About Me
I'm a Melbourne boy, hailing from St Kilda with one ex, one current wife and four kids. Love the outdoors and making new discoveries. I cook a lot at home (cheers from wife) and do some preserving, mostly jams, pickles and fruit liqueurs. This is the diary of a cooking journey.

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Monday, February 06, 2006
Beef on the Plate
I was watching Full on Food the other day and they were talking about how Britain is the biggest consumer of instant meals in Europe. The figures were staggering, billions of dollars are spent every year on these meals and they talked about how some people are eating them two or three times a week. They pulled one chap out of the audience, who admitted to being a regular user, or should that be serial eater, of instant meals, handed him one, showed him the microwave and told him that it was a race against someone preparing a meal from scratch. He lost the race to a steak sandwich with salad and home made mayonnaise.

But that is not what I want to tell you about, rather the promo for the next program. In it, they showed a cow being led to the slaughterhouse and promised to show us what happens to the beast every step of the way.

Now that's confronting.

Not so much the dressing of the cow, I know I can handle that; it's just not every day that you can see the death of the animal destined for the dinner table. Years ago on one of Nick Nairn's shows, he went deer hunting to obtain some venison for one of his recipes. They showed the stalking, selecting the deer for the shot and I remember thinking they would cut away at the last moment. Well Nick is a Scot and there was no cut away.

Some years ago, I was at a friends farm and it was time to get some chickens for the pot. Being a lad at the time, I thought I could help, put the chicken's head on the block, lined it up with a machete and all I could see was one beady eye peering back at me. I wanted to do it, but I couldn't. At this time in my life I had hunted and fished and was completely unsentimental about killing an animal for the pot, but with the intimacy of the animal in hand, I froze.

When you think about and have to confront the issue of killing in order to eat, it is easier to understand vegetarians and where they're coming from, but nature is full of examples of predation, it's not nice or pretty, it's survival.

Will I watch the program next week?

Would you?
  posted at 2:12 pm

At 4:39 pm, Blogger Sam said...

In defence of the British I have to say one thing: The quality of instant meals in the UK far surpasses ANYTHING i have ever encountered in the US. Marks & Spencers started the trend years and years ago, other supermarkets followed suit. Instant meals in the UK are not crap - they are pretty amazing - verging almost on fine cuisine. Even I (and I am a pretty obsessive cook), used to partake of them on a regularish basis when i lived in Britain. They cover all the suisines of the worls, even. I would rather people eat those meals than a burger from macdonalds, for example.

At 6:14 pm, Blogger neil said...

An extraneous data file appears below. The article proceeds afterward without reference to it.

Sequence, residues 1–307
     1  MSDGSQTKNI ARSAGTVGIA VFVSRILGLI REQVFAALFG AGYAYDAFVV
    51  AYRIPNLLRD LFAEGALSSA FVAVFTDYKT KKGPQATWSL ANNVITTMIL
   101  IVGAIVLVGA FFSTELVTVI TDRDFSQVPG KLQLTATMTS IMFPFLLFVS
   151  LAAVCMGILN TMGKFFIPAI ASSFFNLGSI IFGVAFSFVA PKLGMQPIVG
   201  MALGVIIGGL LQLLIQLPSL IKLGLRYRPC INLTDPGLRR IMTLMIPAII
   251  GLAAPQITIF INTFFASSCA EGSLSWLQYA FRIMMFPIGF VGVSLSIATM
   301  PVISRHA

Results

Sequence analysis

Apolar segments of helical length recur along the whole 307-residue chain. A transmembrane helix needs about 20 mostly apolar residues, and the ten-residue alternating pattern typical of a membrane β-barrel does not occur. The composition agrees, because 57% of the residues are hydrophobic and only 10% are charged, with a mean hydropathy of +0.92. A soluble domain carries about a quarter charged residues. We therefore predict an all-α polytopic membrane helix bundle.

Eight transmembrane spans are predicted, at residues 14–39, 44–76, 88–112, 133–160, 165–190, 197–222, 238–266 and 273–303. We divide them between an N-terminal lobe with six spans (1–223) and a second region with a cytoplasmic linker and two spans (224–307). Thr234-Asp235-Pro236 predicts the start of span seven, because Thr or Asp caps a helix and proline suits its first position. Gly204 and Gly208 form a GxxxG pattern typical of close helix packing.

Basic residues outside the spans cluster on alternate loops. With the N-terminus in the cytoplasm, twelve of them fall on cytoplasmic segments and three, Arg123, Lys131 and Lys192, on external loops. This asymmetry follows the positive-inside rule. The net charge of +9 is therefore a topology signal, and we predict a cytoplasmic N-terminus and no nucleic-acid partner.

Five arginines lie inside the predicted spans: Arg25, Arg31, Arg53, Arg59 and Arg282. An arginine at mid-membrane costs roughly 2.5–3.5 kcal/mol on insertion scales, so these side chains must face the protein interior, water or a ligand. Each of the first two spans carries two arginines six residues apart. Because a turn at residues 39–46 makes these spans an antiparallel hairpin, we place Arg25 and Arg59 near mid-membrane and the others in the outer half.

Hi Sam, looks like I need to be more thorough, what I didn't write is that it was a British program and they did say they thought the trend to instant meals was due to the British working longer hours than the rest of Europe. Whilst they weren't critical of the quality, they did demonstrate the fat content with lumps of shortening. I'm almost certain they said lasagne was the most popular meal and the piece of shortening they showed to demonstate it, looked in the order of 50-75g (3-4 oz), for a single meal. For the record, I have eaten instant meals, but we are not as lucky as those in Britain, I found the Australian versions a bit dull.

At 8:16 am, Blogger Gigi said...

The American versions are godawful and loaded with trans fats. I don't partake of them much, perferring to fix my own, mostly fruits and veggies during the week. And yet, I manage to gain weight. Hmn...

On weekends I'm an avid carnivore I'm afraid, and would not watch the show. It's wrong, but I'd rather not know than be tempted to give up my steak. Cowardly, of course. But I do understand my vegetarian friends.

Thanks for the note that you'd been reading my pages ~ you must be at the old AOL site. I'm posting here now ~ http://lotusmartinis.blogspot.com/. And I like this blog! I'm adding you to my bloglines... ;)

At 5:17 pm, Anonymous Anonymous said...

I once saw a documentary film on the killing of an animal on an Italian family farm to make salami. And everything else - nothing went to waste. Films can be made to be confronting to those not used to traditional farming, cooking, preserving and eating. Most documentaries have that problem. I don't object to vegetarianism myself - my wife is borderline vegetarian - but many vegetarian thinking seems paradoxically more in line with traditional no-waste practices. If that makes sense.

At 9:33 am, Blogger neil said...

Hi gigi, nothing cowardly about knowing yourself. Why is it that we can eat so well and still put on weight, lifes not fair.

Hi KH, yes I do understand, it's about respect fot the ingredient, whether animal life or plant life.

At 5:32 am, Blogger Angela said...

Between this post and the badger post....I am teetering on the edge of vegetarianism again.....Quick! Someone hand me some nicely cooked prime rib!


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